The Devil’s Tale, Duke University’s Special Collections blog announced yesterday that 310 oral history interviews from the John Hope Franklin Research Center for African and African American History and Culture have been added to the Behind the Veil Digital Collection.
From The Devil’s Tale:
The addition to the collection documents the lives of African Americans from the state of North Carolina who lived through the era of Jim Crow in the Charlotte, Durham, Endfield, New Bern and Wilmington areas. The digitization efforts were made possible by the Triangle Research Libraries Network’s Content, Context and Capacity grant project to document the Long Civil Rights Movement in the state. Researchers now have access over 400 digitized interviews from the collection from states throughout the American South.
Given my Ancestors descended from Alabama (maternal-paternal) and Georgia (maternal-maternal) before migrating to Ohio, hearing the first person accounts of those who endured will be enlightening.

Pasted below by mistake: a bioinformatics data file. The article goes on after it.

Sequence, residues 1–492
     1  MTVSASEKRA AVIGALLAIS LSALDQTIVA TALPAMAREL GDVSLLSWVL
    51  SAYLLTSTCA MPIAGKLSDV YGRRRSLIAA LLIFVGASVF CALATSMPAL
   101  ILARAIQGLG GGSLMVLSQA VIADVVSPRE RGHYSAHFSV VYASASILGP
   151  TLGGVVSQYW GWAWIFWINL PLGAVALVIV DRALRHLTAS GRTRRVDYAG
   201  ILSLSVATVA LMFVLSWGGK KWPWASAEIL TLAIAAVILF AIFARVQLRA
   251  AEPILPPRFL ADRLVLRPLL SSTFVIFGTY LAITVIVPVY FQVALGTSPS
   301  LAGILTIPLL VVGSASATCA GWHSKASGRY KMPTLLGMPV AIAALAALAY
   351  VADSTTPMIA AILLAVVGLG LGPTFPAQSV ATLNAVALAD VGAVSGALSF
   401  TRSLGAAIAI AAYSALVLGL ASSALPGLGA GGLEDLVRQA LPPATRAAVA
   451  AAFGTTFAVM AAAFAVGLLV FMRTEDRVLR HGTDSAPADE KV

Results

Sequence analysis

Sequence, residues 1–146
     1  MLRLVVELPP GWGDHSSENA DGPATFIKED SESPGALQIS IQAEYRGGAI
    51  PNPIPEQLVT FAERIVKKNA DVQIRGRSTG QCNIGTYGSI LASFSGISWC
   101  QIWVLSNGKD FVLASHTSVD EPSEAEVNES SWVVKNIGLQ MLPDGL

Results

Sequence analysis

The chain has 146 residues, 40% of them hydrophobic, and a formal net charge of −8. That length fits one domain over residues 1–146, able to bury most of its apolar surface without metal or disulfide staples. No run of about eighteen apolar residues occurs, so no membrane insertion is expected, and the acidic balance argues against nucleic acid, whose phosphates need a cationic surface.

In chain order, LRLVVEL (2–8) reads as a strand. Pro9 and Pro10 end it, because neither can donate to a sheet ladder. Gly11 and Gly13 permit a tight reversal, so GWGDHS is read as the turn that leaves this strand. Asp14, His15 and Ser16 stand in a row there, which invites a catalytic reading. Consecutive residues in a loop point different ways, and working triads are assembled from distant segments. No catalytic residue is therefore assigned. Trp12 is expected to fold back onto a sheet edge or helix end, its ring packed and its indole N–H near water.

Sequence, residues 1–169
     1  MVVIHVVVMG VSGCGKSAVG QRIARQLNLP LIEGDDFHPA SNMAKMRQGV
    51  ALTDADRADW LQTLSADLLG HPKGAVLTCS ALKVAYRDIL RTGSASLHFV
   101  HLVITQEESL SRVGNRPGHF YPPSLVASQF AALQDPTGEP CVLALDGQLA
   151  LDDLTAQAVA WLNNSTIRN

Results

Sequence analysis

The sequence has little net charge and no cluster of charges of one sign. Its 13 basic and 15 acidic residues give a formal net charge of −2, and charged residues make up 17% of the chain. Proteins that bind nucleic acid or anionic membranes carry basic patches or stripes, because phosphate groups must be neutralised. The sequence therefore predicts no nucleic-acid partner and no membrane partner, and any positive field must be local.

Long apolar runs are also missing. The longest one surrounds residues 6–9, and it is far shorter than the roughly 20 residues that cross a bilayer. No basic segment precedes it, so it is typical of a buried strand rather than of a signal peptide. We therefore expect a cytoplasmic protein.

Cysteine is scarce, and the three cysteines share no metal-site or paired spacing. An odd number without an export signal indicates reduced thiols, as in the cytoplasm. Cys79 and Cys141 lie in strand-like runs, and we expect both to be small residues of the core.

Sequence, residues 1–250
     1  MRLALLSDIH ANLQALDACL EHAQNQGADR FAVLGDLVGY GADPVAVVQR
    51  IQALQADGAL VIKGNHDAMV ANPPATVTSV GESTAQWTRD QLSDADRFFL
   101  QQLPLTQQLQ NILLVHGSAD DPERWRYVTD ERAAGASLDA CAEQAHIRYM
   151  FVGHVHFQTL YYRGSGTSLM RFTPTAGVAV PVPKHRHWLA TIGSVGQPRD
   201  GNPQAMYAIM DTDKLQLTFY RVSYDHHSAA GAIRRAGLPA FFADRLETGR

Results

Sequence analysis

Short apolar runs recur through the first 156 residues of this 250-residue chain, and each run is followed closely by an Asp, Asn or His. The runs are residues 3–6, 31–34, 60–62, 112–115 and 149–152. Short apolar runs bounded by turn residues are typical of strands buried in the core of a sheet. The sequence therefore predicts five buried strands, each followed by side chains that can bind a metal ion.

It’s exciting to see so much of our history emerging online. We live in a very special day and time!
Might be time for me to make another onsite visit to the Rubenstein Research Library at Duke. I’m curious to see what’s contained in the 42 narratives that are considered “closed” and not online.
- Guide to the Behind the Veil: Documenting African-American Life in the Jim Crow South Records, 1940-1997 and undated (bulk 1993-1997)
- Rubenstein Research Library – Duke University